Popular ale and food pub in the city centre, The Cambridge Brew House, recently hosted its first beer and food matching event showcasing in-house brewed ales from the pub's microbrewery. Head Brewer James joined forces with Head Chef Christian and Mr. Trotter's Rupert Ponsonby to treat a group of discerning ale drinkers to a lesson in the creation and tasting of the classic pub snack, our beloved pork scratching...
Gathered in a private room upstairs known as the Tank Room, overlooking the vats in the pub's brewery, we tucked straight into the good stuff: the Cambridge Brewing Company's King's Parade, Night Porter, and Misty River beers, which were generously distributed around the table in pitchers and regularly refreshed throughout the evening. It didn't take us long to get onto some cracking (sorry) homemade pork scratchings, courtesy of the pub's chef Christian, either. Incredibly moreish and reminiscent of the ultimate pork crackling from your Sunday dinner, we all agreed that Christian's first attempt at making pork scratchings was a huge success. They weren't your usual fat-laden, bristled scratchings, but they had a great crunch and a sweet, sticky glaze to offset the bitterness of the ales.
Much to my delight two of my obsessions were rather well catered for during the evening: knowing where my food comes from, and condiments. Pork scratchings expert, and generally awesome raconteur, Rupert from Mr. Trotter's had me totally enthralled by his detailed field-to-fork explanation of the perfect pork scratching, peppered with pig poetry and hilarious name-dropping. I learned about Rupert's passion for supporting British farmers, pork traceability, that people who love potatoes can't write poetry, and how David Cameron finds the time to respond to his local constituents. I listened intently to tales of healthy hind legs and celery salt and bacon flavourings whilst taste testing an array of pork-friendly condiments. The apple sauce was a standard partner for the salty pork; the tomato chutney didn't stand up to the rich fattiness; and the clear winner, the smoked garlic mayo, injected an unexpected touch of Spanish tapas to proceedings.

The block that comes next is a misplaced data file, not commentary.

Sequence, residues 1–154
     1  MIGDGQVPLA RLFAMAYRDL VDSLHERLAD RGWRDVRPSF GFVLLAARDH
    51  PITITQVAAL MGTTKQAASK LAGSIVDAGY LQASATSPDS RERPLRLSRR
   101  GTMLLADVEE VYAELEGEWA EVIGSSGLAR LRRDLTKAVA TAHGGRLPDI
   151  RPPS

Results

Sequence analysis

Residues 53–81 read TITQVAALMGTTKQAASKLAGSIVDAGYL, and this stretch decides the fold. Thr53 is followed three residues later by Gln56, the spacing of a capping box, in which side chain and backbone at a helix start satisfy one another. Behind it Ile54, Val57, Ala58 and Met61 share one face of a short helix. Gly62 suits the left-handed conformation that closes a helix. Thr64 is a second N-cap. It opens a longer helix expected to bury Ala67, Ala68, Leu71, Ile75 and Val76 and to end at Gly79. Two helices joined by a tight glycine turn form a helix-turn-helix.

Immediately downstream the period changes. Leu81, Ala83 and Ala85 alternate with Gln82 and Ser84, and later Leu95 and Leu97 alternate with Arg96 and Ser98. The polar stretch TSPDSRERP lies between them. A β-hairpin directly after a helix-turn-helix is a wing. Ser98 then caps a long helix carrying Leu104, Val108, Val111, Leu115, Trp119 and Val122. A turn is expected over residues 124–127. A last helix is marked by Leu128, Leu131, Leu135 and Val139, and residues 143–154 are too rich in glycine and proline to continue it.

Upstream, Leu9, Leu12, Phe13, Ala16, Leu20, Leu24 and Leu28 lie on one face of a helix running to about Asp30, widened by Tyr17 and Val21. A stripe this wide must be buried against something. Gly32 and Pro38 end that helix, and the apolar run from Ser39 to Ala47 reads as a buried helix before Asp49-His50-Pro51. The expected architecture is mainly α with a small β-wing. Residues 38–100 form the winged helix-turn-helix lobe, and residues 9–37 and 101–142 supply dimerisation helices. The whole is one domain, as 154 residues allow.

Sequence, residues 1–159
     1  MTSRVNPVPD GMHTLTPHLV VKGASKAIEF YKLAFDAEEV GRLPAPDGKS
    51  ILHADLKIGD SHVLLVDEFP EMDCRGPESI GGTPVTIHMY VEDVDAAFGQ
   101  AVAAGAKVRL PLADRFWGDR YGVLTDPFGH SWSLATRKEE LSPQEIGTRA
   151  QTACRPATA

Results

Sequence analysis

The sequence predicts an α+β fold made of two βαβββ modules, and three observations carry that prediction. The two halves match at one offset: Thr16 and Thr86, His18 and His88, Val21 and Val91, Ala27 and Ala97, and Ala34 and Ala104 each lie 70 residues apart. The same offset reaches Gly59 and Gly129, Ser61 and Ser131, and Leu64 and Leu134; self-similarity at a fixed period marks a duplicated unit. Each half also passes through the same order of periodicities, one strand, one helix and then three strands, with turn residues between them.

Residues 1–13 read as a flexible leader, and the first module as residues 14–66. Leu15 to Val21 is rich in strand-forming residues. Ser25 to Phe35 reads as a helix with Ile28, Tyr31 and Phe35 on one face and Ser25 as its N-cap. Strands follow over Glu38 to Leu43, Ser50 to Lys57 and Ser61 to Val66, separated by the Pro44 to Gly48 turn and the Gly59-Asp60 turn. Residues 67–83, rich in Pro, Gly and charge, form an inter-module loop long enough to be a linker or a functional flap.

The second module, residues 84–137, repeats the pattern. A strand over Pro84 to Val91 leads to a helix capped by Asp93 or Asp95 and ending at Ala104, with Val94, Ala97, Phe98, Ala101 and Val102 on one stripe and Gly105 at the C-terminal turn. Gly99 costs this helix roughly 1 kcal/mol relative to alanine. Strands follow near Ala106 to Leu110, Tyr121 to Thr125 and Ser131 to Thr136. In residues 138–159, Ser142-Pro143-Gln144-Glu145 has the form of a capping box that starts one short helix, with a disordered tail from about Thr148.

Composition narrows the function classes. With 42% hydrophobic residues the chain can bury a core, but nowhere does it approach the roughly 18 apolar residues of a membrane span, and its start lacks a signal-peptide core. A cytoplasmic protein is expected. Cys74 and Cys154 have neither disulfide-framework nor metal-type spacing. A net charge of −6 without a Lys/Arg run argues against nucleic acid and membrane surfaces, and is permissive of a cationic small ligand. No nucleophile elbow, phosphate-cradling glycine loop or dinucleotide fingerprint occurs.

Yet more unusual matches were explored throughout the evening. Gooseberry jelly smothered on a salty slab of scratching apparently hits the spot. I made a mental note to sprinkle some pork scratchings on my next fish pie and made plans to add a touch of pork scratching seasoning to a dark chocolate fondant cake (if I ever perfect one). The best liquid partners to pork scratchings can be found in soft wheat beers - the milder the better, not too dark - and a warming glass of Tio Pepe sherry. Almost full to the brim with food matching inspiration and recipe ideas, one final treat awaited us. Head Brewer James unveiled his latest brew: a special chocolate malt beer created for the upcoming Cambridge Beer Festival. My taste buds finally let me down; no amount of supping, swilling and wild guessing could lead me to the secret ingredient. It simply tasted of Christmas. A few days later, at the 40th Cambridge Beer Festival on Jesus Green, I finally got it: the Festival Special was a mildly spiced chestnut bitter. And it went fabulously with a big bag of pork scratchings on the side...
The Cambridge Brew House plans to hold regular beer and food matching evenings. Head Brewer James also holds open evenings at the brewery in the pub. The next one is on Tuesday 11 June 2013, where he's also unveil a special new brew using locally sourced ingredients for the #CamDrinkLocal campaign.
I attended as a guest of the pub.